The quiet cuts

Chris Cobb finds a 20% cut to the budget of the National Research Council.

Although the cuts at NRC are “significant,” added Corbett, the issue is less about numbers and more about expertise. “If you have a rocket scientist going out the door, you can’t replace that person with an insect scientist,” he said. “It’s a pretty specialized field and that’s the part the government doesn’t appear to understand.

“The government is putting its fiscal policy ahead of everything and ordering all the science-based departments and agencies to cut,” he said. “And they are having a hell of a time doing it. On one hand they are trying to deliver the programs they are mandated and legislated to do, but on the other hand they are having to make some serious choices. It looks like one essential program will live at the expense of another.”




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The quiet cuts

  1. This govt doesn’t understand science because they don’t like science.  The minister of science is a creationist after all.

  2. The defunding, erosion and destruction of sources of factual information within government that might challenge the Harper ideology-driven and faith-based agenda is clearly on the chopping block. Through misdirection, however, media are mostly pretending these cuts won’t happen until next spring, when the results of the alleged “strategic review” will be finally unveiled.

    Based on what is actually happening right now in government, it appears that the plan is for the bodies to have been removed and the damage done long before the next budget speech. What with most Ottawa media oblivious to the cuts that are happening (due to lack of issued press releases) it appears the plan is working quite well.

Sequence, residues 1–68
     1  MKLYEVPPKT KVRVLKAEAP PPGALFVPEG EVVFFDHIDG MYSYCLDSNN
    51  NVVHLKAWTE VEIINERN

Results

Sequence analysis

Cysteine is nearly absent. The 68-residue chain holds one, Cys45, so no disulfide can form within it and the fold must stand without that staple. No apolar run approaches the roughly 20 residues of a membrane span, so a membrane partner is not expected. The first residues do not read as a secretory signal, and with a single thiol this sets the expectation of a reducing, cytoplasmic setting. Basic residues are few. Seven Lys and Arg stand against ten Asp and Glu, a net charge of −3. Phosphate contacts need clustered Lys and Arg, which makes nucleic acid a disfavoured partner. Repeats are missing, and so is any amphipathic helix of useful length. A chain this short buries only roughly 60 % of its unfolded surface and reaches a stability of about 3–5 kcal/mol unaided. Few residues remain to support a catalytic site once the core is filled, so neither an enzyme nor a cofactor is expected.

Presumably, this is how Harper intends to implement his “hidden” agenda over the next few years. You know, the agenda that the cons deny exists, the agenda that media are trained to scoff at, the agenda that Harper’s base understands is now and will be aggressively implemented, the one they know must be quietly celebrated, lest it become so obvious that even the press gallery catches on. 

  3. The NRC, which promotes leading-edge technological research and is headquartered on Montreal Road, will cut 25 science jobs across the country, the Citizen has learned.

    “The loss of institutional knowledge will be huge,” said Gary Corbett, president of the Professional Institute of the Public Service of Canada (PIPPS), the scientists’ union. “You can’t just drain knowledge from the public sector. It will be devastating to Canada in future years, but the government doesn’t seem to care.”

    The NRC’s total budget stood at $881,137,581 in the last fiscal year; in 2011-12, it will be reduced to $690,836,000.

    Plenty of money is still being spent on science that won’t lead to anything in particular. 

    This is perfect example of positive rights and why they are evil. Does Alf Apps know what he is talking about or is he clueless? Apps is either really left wing or witless or both, more like.

    This discussion is all about what society can do for rocket scientists. Does Corbett ask himself why Canada needs rocket scientists when we don’t have a rocket program and we are running tens of $$$ billion deficits? Does Corbett ask himself why he thinks it is ideological to put Canadian fiscal policy in order? Does union want country to go bankrupt while continuing to pay rocket scientists?